Aid governance had been stuck in the 20th century, with a handful of countries taking the major decisions and contributions fluctuating depending on “donor” circumstances. Global Public Investment now moves us beyond a system where we pay for these things via limited, fragmented and often bilateral (even private) assistance to a system based upon sustained co-responsibility.

Global Public Investment now moves us beyond a system where we pay for these things via limited, fragmented and often bilateral (even private) assistance to a system based upon sustained co-responsibility

According to the governance arrangements still being hammered out on the tables and sofas beside me (some groups are actually sitting on the floor) by a dedicated but bleary-eyed gang of suited country reps, rich and poor countries will now work together via intermittent, high-level priority-setting meetings and more regular technical follow up. All countries will contribute on a fractional, fair and ongoing or committed basis, with all having a say in how those monies were allocated. Some of the monies will be allocated to local investments with a wider (global) public return, others would flow into regional and multilateral initiatives. By bringing more countries to the table as contributors and decision-makers alike, GPI will not only raise more money, it will ensure that those funds went to where they can make the most difference.

Global Public Investment

Global Public Investment builds upon some of the most important lessons we have learned about international financing in recent decades and takes inspiration from ground-breaking international institutions such as the Global Fund and Gavi. These lessons are encapsulated in the four pillars which define how Global Public Investment operates [1]1 — More information on the advances of the GPI Working Group of Experts available online and also in Glennie, J. (2021). The Future of Aid: Global Public Investment. Londres: Routledge. :

  1. Universal Contributions. Global Public Investment moves us beyond the current international order of “donor” and “recipient” countries. Global Public Investment means all countries contributing, according to their ability, and all countries receiving according to their needs.
  2. Ongoing Commitments. Global Public Investment moves us away from the assumption that countries “graduate” after achieving a relatively low level of income per capita and thereafter should receive no further concessional international finance. It is more akin to a global micro-tax for essential items. Global Public Investment means an ongoing commitment to investing in public returns.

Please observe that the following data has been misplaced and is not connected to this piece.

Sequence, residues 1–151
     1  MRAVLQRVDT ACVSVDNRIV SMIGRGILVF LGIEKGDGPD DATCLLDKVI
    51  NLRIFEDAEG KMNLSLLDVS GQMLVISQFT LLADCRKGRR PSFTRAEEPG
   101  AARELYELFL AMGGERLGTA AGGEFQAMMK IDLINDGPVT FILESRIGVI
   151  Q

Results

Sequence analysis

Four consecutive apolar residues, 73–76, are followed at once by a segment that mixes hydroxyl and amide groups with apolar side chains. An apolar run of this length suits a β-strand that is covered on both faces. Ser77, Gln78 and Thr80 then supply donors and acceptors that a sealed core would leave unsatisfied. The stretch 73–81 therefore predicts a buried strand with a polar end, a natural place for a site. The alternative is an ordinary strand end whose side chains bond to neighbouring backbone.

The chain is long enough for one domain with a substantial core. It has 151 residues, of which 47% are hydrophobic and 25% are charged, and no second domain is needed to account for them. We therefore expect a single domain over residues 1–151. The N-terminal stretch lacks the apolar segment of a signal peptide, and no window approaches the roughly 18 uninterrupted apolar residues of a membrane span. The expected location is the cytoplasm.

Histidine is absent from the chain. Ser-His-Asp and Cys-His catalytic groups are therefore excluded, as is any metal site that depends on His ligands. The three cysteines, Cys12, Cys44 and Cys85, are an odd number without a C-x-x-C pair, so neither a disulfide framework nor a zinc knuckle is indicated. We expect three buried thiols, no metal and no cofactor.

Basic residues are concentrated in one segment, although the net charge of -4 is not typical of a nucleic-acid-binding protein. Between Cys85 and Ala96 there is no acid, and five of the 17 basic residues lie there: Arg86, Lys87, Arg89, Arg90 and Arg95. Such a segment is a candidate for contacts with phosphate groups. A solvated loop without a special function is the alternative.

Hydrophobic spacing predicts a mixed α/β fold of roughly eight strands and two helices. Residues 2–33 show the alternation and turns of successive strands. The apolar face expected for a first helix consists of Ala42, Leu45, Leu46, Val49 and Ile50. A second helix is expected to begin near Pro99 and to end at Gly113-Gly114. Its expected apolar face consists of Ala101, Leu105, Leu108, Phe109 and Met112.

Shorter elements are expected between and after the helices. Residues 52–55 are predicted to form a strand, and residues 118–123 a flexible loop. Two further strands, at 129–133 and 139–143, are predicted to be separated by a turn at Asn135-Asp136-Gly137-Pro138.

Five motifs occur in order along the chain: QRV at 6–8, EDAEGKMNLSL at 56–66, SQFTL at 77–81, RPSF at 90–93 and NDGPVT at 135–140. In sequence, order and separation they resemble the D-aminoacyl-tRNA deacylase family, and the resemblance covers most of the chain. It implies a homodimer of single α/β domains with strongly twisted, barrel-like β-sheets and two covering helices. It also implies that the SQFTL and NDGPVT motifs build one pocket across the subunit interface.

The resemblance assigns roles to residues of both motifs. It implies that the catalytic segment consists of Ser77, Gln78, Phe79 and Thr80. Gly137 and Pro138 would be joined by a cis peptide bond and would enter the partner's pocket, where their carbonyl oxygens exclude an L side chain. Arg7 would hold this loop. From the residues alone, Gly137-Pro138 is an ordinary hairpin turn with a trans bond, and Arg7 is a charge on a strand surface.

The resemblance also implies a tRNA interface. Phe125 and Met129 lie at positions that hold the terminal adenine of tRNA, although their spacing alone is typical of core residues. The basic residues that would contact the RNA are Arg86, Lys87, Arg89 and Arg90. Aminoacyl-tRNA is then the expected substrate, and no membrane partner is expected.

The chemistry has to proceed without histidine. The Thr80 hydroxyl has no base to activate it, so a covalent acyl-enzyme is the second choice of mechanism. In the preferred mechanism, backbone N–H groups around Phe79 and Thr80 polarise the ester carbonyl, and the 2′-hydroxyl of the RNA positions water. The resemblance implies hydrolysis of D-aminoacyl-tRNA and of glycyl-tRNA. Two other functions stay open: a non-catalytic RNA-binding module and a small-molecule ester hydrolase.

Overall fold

3. Co-Responsibility. Global Public Investment moves us away from entrenched and unjust power relations. It means a more democratic and accountable approach to the way that international public finance is governed.
  4. Co-Creation. Global Public Investment moves us beyond a fixed and ready-made financing process into a more organic and dynamic process where rich and poor countries co-design, consult and co-produce impactful solutions relevant to their needs locally as well as globally.

The one final paradigm that GPI advocates have helped to shift over the past decade is the narrative. Words matter. They can convey respect or condescension—and too often in the world of “aid” it was the latter. The commonly-used language of the aid sector had been outdated for decades.

The one final paradigm that GPI advocates shifted over is the narrative: words convey respect or condescension—and too often in the world of “aid” it was the latter

The the critique of colonialism began at least as far back as Franz Fanon, but it took the vicious police killing of a black man in the USA in 2020 for worldwide revulsion of continuing racism to finally push the “decolonisation” of aid. Enough was enough. Building on the rejection of “development” led by Arturo Escobar and others, there followed a sector-wide rejection of language that was misleading the public, patronising recipients and entrenching an embarrassing saviour complex. Spending on global goods and services is not a question of charity, but of sensible investment in mutually beneficial objectives (just like public sector spending at the national level). It will now be an obligation, not a voluntary gift, and while it expects a return, that return is not a financial one, but rather social and environmental impact for our global common good.